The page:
The most lauded shoe designer of our time, Manolo Blahnik is as much beloved in the rarefied circles of high fashion as he is a household name. He is also in the pantheon of legendary figures who need only their forename for recognition; colloquially, his exquisitely crafted shoes are known simply as ‘Manolos’. And, such is his staying power that this year marks 50 years of his eponymous label – down to both an innate understanding of changing sartorial desires and a singular, uncompromising vision, which always returns to an aesthete’s search for beauty.
Born on the Canary Islands in 1942, where as a child he would famously craft miniature shoes for local reptiles (a 2017 film was aptly titled Manolo: The Boy Who Made Shoes for Lizards), it was not until 1969 – after a chance meeting with American Vogue editor Diana Vreeland – that he returned to this childhood fixation and the medium which would define his career. Blahnik was introduced to Vreeland by friend Paloma Picasso while he was studying art and set design in Paris; Vreeland, on a glimpse of Blahnik’s sketches for an upcoming production of A Midsummer Night’s Dream, was particularly taken with the cherry and ivy-covered heels he had drawn for the character of Hippolyta. ‘Young man, stick to the extremities and make shoes,’ she declared. He obeyed; from then on, Blahnik would describe his life as a feted shoemaker as an ‘accident’.
At home with Manolo Blahnik
Alongside the Canary Islands – where the designer still lives – London became a second home, Blahnik founding his first store on Old Church Street, Chelsea, in 1970 (something of an Anglophile, he admits that bread and butter pudding remains his favourite dish, particularly the one served at Wiltons restaurant on London’s Jermyn Street). Holding court at the store, he would entertain many of the women who would go on to be lifelong devotees – from Bianca Jagger to Anna Wintour, the latter still rarely seen without a pair of his shoes on her feet. Through the 1980s, he designed shoes for the runway – Isaac Mizrahi, Oscar de la Renta and Calvin Klein among his clients – continuing this dynamic spirit of collaboration into our current century, uniting with musician Rihanna on a series of collections beginning in 2016, as well as rebellious then-Paris-based label Vetements on a memorable (and much re-posted) pair of waist-high satin boots for its S/S 2017 collection. Most recently, he collaborated with Birkenstock, beloved by the designer and purportedly the only shoes he wears himself at home.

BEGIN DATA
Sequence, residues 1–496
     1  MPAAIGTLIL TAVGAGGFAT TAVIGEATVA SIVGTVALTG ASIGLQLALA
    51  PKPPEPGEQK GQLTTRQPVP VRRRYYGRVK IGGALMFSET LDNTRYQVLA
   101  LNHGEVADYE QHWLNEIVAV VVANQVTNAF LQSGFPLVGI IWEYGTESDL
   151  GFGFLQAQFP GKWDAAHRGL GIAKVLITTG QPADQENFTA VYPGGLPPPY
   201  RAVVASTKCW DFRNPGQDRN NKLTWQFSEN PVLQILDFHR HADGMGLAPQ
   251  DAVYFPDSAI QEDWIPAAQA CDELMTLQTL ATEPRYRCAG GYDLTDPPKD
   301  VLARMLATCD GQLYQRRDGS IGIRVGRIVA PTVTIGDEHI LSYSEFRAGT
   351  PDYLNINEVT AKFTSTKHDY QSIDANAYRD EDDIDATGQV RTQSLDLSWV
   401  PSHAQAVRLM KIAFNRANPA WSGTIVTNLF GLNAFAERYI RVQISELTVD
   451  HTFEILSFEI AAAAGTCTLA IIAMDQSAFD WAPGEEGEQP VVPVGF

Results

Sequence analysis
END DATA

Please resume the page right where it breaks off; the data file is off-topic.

Speaking to Wallpaper* from the Canary Islands – landline at times blurry from damage caused by a recent volcanic eruption – Blahnik speaks with an effervescent train of thought that shifts between past and present. One anecdote runs into another, the original question often lost in the excitement of recounting something new (it makes the title of a survey of his work, Fleeting Gestures and Obsessions, feel entirely apt). It is not unlike his own approach to design, where a season might be almost entirely sketched out before being discarded in the pursuit of the absolute perfection that has long defined Manolo Blahnik the label.
Here, as part of our ‘At home with’ interview series, Blahnik shares a glimpse into his creative process, accompanied by original sketches of his Autumn 2022 collection – arriving in the coming months.
Wallpaper*: Where are you at the moment?